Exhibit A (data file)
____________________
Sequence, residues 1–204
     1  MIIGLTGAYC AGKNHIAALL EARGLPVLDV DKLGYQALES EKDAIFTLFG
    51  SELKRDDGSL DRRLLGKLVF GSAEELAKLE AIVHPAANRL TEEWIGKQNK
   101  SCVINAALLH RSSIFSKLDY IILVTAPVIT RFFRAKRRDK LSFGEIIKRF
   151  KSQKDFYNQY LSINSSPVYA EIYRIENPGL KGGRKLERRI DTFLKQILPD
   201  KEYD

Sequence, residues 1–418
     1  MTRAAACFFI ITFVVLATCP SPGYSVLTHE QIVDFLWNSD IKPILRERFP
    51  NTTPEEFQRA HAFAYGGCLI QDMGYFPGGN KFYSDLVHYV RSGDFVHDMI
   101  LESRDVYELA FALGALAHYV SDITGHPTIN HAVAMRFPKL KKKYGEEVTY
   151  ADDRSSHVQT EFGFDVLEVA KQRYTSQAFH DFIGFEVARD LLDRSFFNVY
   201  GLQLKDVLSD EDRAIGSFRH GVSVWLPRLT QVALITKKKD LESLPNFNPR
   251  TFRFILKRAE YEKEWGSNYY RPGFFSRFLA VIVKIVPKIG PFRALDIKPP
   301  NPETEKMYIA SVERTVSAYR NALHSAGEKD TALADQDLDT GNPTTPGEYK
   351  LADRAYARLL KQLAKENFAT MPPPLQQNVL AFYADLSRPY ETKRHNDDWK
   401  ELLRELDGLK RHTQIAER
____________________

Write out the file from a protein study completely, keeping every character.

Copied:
Sequence, residues 1–204
     1  MIIGLTGAYC AGKNHIAALL EARGLPVLDV DKLGYQALES EKDAIFTLFG
    51  SELKRDDGSL DRRLLGKLVF GSAEELAKLE AIVHPAANRL TEEWIGKQNK
   101  SCVINAALLH RSSIFSKLDY IILVTAPVIT RFFRAKRRDK LSFGEIIKRF
   151  KSQKDFYNQY LSINSSPVYA EIYRIENPGL KGGRKLERRI DTFLKQILPD
   201  KEYD

Sequence, residues 1–418
     1  MTRAAACFFI ITFVVLATCP SPGYSVLTHE QIVDFLWNSD IKPILRERFP
    51  NTTPEEFQRA HAFAYGGCLI QDMGYFPGGN KFYSDLVHYV RSGDFVHDMI
   101  LESRDVYELA FALGALAHYV SDITGHPTIN HAVAMRFPKL KKKYGEEVTY
   151  ADDRSSHVQT EFGFDVLEVA KQRYTSQAFH DFIGFEVARD LLDRSFFNVY
   201  GLQLKDVLSD EDRAIGSFRH GVSVWLPRLT QVALITKKKD LESLPNFNPR
   251  TFRFILKRAE YEKEWGSNYY RPGFFSRFLA VIVKIVPKIG PFRALDIKPP
   301  NPETEKMYIA SVERTVSAYR NALHSAGEKD TALADQDLDT GNPTTPGEYK
   351  LADRAYARLL KQLAKENFAT MPPPLQQNVL AFYADLSRPY ETKRHNDDWK
   401  ELLRELDGLK RHTQIAER